• Betrifft

    any more / anymore

    I frequently see "anymore" written nowadays and I have always felt uncomfortable with its usage. (Mother tongue English - UK)

    In the UK "anymore" is increasingly used - often incorrectly in my opinion.
    I therefore did a Google search and found the following, which seemed to help me:


    Do Leos agree with the analysis there? Do other GB native English speakers disklike "anymore" too? I think it's just one of those many words that I will have to get used to.
    VerfasserJenny06 Mai 06, 09:33
    Es gab schon mehrere Diskussionen dazu:
      related discussion:any more vs anymore
    Falls der Link nicht funktioniert: In der Forumssuche 'anymore' eingeben...
    #1VerfasserNica (de)06 Mai 06, 14:13
    "The difference in meaning considered useful by the third camp is that "anymore" is an adverb meaning "nowadays" or "any longer", while "any more" can be either adverb plus adjective, as in "I don't want any more pie", or adjective plus noun, as in "I don't want any more."

    The difference between the two meanings is illustrated in the sentence: "I don't buy books anymore because I don't need any more books.""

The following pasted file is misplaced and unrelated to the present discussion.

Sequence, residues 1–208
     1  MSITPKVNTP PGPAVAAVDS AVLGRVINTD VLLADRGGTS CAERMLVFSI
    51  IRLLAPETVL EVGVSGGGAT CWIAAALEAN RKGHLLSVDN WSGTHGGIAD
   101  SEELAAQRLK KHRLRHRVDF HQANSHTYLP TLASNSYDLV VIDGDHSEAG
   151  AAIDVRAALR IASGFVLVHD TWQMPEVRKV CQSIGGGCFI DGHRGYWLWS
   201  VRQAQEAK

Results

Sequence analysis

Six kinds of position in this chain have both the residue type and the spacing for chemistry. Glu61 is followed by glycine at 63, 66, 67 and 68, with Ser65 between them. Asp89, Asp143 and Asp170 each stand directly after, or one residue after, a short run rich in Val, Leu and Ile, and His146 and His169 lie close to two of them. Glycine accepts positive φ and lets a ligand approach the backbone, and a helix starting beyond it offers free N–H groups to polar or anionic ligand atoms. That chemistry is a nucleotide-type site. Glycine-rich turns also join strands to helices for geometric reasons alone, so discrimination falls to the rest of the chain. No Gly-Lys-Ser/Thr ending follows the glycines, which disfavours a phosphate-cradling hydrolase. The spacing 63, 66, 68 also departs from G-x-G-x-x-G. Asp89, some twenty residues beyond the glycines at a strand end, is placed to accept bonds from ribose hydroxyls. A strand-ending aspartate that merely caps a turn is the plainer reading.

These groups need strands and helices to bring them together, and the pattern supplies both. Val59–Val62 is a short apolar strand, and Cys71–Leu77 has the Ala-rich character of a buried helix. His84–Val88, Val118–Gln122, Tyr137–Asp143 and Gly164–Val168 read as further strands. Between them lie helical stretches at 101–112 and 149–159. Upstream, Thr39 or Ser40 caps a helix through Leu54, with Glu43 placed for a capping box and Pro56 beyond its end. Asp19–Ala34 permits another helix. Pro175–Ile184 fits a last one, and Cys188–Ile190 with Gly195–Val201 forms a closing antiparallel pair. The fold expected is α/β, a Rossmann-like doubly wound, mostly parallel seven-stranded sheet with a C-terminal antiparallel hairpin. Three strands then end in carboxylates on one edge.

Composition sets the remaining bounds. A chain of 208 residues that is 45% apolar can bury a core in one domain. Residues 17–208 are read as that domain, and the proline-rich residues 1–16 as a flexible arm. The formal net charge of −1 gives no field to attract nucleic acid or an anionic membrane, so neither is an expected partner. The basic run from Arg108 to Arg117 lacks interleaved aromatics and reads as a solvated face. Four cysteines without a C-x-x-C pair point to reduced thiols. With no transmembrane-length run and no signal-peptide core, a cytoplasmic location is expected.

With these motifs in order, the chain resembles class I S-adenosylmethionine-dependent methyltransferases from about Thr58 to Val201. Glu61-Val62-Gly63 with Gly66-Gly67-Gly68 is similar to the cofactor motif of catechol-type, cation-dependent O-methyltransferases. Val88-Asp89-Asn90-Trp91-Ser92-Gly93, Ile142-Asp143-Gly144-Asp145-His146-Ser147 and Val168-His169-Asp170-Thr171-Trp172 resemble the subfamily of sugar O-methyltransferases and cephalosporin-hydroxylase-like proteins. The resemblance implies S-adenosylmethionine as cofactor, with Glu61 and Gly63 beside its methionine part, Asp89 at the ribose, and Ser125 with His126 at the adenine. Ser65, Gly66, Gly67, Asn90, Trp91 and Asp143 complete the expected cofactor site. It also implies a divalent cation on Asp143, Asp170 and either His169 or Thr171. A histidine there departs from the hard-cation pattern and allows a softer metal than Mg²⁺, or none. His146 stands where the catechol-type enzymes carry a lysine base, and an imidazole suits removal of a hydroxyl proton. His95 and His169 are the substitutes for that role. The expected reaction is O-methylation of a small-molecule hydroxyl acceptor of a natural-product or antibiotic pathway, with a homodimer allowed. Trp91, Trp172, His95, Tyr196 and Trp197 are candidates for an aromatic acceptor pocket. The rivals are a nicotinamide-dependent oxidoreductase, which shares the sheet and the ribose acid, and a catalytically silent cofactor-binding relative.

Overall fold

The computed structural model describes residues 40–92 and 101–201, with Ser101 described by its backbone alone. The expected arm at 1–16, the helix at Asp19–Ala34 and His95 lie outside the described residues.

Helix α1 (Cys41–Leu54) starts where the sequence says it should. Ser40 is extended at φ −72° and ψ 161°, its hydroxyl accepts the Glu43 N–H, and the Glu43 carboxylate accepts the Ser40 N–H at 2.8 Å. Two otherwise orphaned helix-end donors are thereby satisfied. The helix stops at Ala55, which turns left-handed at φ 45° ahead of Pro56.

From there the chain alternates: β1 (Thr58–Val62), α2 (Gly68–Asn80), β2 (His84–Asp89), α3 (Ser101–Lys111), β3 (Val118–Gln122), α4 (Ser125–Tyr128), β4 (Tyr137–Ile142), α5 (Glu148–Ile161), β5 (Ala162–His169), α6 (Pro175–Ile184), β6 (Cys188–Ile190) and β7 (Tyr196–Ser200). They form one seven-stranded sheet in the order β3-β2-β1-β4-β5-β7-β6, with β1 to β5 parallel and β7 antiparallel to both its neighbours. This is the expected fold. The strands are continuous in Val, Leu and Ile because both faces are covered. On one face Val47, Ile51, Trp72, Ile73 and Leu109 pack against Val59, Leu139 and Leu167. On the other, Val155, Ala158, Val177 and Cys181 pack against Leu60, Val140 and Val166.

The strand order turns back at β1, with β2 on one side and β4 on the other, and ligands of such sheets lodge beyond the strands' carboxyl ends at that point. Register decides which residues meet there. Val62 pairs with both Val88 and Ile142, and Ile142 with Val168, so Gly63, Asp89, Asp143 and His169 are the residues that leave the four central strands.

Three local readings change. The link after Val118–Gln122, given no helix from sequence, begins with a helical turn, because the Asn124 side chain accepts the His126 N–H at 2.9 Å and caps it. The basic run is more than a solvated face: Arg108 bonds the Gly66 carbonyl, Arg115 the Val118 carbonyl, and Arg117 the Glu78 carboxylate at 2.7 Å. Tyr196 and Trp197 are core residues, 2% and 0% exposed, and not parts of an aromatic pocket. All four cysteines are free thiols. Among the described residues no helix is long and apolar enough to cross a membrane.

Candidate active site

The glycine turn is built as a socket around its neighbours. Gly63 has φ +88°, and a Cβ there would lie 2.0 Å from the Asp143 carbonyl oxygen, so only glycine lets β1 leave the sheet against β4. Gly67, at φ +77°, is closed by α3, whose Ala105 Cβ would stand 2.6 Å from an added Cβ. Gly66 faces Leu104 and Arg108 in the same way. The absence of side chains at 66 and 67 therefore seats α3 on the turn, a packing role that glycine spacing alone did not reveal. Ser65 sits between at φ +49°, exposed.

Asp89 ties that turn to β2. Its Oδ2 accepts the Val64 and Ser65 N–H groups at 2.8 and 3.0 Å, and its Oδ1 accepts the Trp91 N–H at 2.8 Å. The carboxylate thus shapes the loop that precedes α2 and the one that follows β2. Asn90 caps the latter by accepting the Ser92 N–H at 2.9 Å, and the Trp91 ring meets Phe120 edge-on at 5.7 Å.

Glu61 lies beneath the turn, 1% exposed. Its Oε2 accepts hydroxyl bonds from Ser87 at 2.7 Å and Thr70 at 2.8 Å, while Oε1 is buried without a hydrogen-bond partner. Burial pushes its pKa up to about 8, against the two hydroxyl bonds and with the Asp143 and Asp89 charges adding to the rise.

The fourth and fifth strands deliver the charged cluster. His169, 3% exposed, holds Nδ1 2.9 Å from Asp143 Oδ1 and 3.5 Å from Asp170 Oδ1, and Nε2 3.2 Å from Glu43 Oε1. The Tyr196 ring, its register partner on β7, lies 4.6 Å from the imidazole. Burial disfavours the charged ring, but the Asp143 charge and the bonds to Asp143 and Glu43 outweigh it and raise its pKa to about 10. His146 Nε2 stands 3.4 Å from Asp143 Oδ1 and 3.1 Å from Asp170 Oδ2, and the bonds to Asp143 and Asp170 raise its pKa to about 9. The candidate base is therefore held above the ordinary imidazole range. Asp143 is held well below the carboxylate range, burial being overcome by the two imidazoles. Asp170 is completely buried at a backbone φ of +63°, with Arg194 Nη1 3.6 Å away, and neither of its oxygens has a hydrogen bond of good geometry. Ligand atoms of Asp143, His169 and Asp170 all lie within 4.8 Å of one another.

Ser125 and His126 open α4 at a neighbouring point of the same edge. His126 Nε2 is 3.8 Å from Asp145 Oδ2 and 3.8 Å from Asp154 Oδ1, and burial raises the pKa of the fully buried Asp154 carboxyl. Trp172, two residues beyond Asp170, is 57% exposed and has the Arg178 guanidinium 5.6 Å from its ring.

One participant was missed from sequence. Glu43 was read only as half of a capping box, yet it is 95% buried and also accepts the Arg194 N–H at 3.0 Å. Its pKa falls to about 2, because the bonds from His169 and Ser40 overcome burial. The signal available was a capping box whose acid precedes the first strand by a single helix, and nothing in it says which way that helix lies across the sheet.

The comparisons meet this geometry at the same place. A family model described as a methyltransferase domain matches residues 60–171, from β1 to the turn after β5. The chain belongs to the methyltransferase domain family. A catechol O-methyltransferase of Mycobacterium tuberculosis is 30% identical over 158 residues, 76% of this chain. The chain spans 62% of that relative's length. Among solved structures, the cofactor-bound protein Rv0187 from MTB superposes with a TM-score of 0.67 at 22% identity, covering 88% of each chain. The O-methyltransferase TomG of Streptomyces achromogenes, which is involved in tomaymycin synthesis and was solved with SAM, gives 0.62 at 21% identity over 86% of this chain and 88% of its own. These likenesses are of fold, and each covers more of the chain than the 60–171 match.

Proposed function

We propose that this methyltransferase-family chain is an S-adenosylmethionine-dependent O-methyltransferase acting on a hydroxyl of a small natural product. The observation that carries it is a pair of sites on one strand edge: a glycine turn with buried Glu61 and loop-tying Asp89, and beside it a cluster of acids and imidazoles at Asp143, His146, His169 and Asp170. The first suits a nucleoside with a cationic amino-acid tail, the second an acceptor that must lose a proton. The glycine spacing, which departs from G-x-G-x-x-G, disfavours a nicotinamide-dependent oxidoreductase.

I hadn't noticed this difference, and the link says it is more AE, so it's not surprising, but then again, I would find it odder to see "anymore" in the second position of the last sentence, so I must have subconsciously picked up the difference from reading American books.

    Still, I can't see how this difference would be "useful" as I can't imagine any case where changing the spelling only (and not the word order or something else) would change a sentence's meaning (a minimal pair).
    #2VerfasserArchfarchnad -gb-06 Mai 06, 14:20
    The distinction is useful simply because it reflects a difference in pronunciation.

    As for a minimal pair, I guess you could construct a sentence like

    I don't like you anymore/any more because...
    #3VerfasserThomasJ06 Mai 06, 16:11
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